It’s been a while since I participated in the monthly Mixology Monday, but as I finished up my recent collection of La Cage Aux Folles cocktails I happened upon the announcement on Cocktail Virgin and it fit in nicely with what I like to drink as well as a problem I was looking to solve.

The problem begins with an explanation. For those who have just come to the site and don’t know me, I am an actor on the side and in the aforementioned La Cage production I was lucky enough to be playing Albin, who works in the club in drag as Zaza (for those who don’t know La Cage, but know of The Birdcage, which was based on the same play, Albin was the character that Nathan Lane played in the movie). Just for some high heeled kicks, here’s a pic of me in the performance:


Now, there already exists a cocktail called the Zaza, which is also (or more commonly) known as the Dubonnet Cocktail. It’s 2 parts gin to 1 part Dubonnet with a twist, and I don’t like it at all. So I thought I might make an “Improved Zaza,” which is the time that I stumbled upon the current Mixology Monday post. Here it is:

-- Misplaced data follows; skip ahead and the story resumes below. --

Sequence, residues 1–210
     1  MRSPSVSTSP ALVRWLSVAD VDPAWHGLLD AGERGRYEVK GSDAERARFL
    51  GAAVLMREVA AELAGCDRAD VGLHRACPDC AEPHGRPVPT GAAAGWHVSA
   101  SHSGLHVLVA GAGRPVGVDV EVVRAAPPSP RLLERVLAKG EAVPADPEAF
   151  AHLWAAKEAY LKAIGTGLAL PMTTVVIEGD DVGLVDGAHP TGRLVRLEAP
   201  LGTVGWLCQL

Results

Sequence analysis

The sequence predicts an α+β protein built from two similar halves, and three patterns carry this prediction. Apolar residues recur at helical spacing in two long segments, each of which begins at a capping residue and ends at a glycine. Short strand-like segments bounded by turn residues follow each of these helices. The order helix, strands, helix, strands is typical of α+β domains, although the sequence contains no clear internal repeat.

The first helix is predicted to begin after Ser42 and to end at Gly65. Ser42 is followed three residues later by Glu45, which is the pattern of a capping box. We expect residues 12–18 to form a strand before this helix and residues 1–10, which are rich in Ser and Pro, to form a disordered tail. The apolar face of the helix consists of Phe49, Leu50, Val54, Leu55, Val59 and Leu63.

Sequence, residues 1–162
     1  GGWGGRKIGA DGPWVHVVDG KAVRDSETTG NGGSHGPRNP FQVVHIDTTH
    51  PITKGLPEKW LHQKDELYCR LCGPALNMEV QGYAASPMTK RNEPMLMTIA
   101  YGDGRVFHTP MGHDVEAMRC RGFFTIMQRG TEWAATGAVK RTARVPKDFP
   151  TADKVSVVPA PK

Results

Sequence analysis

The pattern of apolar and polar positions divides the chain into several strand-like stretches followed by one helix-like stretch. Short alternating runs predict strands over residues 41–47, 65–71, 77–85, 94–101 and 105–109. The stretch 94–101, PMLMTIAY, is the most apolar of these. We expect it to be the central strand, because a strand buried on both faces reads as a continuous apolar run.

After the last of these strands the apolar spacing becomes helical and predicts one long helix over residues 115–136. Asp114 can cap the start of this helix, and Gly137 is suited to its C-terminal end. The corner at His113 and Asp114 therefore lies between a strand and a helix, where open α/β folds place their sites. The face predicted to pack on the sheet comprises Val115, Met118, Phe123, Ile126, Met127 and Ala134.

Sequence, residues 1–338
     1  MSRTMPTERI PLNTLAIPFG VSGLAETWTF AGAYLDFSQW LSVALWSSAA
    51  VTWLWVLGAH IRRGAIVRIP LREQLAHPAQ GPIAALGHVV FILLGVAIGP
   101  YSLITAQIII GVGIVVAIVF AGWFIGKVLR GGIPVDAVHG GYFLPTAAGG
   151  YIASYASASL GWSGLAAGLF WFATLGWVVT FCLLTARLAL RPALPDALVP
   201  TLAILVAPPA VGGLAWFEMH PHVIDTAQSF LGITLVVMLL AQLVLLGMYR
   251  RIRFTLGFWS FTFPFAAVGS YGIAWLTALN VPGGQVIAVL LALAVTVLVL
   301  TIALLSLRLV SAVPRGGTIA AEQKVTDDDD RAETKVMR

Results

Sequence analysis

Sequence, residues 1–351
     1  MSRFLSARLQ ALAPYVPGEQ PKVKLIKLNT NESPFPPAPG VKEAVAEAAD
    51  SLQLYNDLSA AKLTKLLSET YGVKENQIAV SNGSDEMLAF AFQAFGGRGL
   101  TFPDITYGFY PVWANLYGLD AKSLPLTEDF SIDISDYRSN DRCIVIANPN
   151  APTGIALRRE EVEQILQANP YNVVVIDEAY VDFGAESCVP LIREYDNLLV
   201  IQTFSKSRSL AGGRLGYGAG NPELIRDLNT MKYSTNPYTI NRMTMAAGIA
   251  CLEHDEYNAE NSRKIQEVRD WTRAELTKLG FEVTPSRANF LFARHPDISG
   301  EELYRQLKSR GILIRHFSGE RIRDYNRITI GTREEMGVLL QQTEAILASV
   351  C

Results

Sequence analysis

For this theme, actuate it any way you’d like as long as the drink resembles a Manhattan. Want to take 19th century Manhattan recipes or variations to the test? Want to figure out what the best whiskey to vermouth pairings and ratios are? Or perhaps subbing out the whiskey or vermouth for another ingredient or adding in a liqueur or other modifier or so to the mix? Awesome, you’re right on track! There are plenty of Manhattan and Manhattan variations out there in the literature, and there’s plenty of room to explore and tinker if that’s your thing, too.